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8 Topographic Maps of the World’s Most Stunning National Parks

Maps are great. Everyone loves a map. But there’s only so much a conventional map can achieve.

By: G. John Cole + Save to a List

A map of a national park can help you find your way around at ground level. It can help you plan your route before you go, and to make arrangements in case members of your party should become separated. And of course, a paper map has an aesthetic appeal that even stay-at-home adventurers can admire.

But for those who have not yet chosen the national park that they wish to explore, a two-dimensional map can be somewhat dry. Yeah, there’s a lake. Yeah, those squiggly circles mean it gets steep there. How do you know what it’s really like, though?

The answer is: topographic maps. Or more specifically, this new collection of topographic artist’s impressions that offer a skewed birds-eye-view of some of the most awesome parks in the world.

Side by side with a regular map, these visualizations will let you know what you’re in for before you set out with your backpack. You can practically feel the wind in your hair…

Zion National Park (Utah, USA)

Rock does some pretty mad when you leave it to erode for 270 million years. You can see the results in this topographic poster of Zion National Park. What you can’t yet see, despite the visual similarity, is your favorite Westworld villain hiding around the next corner. But you’ll deal with that when you get there, right?

Banff National Park (Alberta, Canada)

Meanwhile, in Canada…the epic Rocky Mountains offer vertical relief to make the valleys, glaciers, and meadows even more awesome below. And you can almost see the trees waving with the bustle of grizzly bears and caribou through the woodland. Take care out there!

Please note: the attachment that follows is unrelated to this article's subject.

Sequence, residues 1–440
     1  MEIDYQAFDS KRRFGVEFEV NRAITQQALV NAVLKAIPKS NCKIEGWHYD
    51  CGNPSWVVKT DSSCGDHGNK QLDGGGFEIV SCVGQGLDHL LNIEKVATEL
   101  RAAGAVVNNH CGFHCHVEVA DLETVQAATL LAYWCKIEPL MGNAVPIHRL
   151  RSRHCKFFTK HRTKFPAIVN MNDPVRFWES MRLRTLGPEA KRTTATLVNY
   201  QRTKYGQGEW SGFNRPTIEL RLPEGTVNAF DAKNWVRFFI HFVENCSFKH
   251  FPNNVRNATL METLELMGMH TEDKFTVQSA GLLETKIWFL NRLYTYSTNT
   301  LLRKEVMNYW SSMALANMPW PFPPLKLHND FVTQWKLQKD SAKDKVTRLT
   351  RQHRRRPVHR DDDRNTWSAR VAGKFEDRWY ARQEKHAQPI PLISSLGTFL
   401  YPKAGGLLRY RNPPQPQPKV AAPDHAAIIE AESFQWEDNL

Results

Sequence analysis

Jiuzhaigou Valley National Park (Jiuzhaigou, Ngawa, Sichuan, China)

As China slowly opens up to the outside world, the opportunity to explore that sleeping giant gets tantalizingly more real. Do the lush valleys of Shuzheng, Rize and Zechawa call to you, or is it a chance encounter with the giant pandas and golden monkeys of the 75,000-acre forest that’s got you reaching for the visa application?

Göreme National Park (Göreme, Turkey)

A sunny beach holiday in Turkey: standard brain. A weekend in chaotic Istanbul: sparkly twinkly brain. A hike through Turkey’s Göreme National Park? Enlightenment brain! From the so-called fairy chimneys to the flamingoes and kestrels of the salt lake ‘Tuz’, you’ll be glad you left the basic tourists behind at the airport.

Torres del Paine National Park (Magallanes Region, Chile)

Perhaps the wildest park on the list, Torres del Paine is known for the granite pillars that rise over the Patagonian steppe – but it's the thrill of the trek, ride, or sail that you’ll remember most clearly when you get home.

Fiordland National Park (Southland, New Zealand)

It may sound like the latest Scandi drama, but Fiordland is actually on the other side of the world – its thousand-meter waterfalls and fantastical Mitre Peak belong to the otherworldly landscape of New Zealand.

Jostedalsbreen National Park (Sogn og Fjordane, Norway)

The real Scandi drama takes place in the shadow of Jostedalsbreen, Europe’s biggest glacier, where the epic Sognefjord and Nordfjord meet near the west coast of Norway. It’s the ever-mutable snow-and-ice landscape that keeps the story moving – this is a park that will astonish you again and again.

Kilimanjaro National Park (Kilimanjaro, Tanzania)

What a tidy topography! Kilimanjaro, Africa’s highest mountain, defines the unique shape of the eponymous park. The summits of Kibo and Mawenzi seem to drag the meadows and rainforest skywards. Will you join them on their upward haul?

We want to acknowledge and thank the past, present, and future generations of all Native Nations and Indigenous Peoples whose ancestral lands we travel, explore, and play on. Always practice Leave No Trace ethics on your adventures and follow local regulations. Please explore responsibly!

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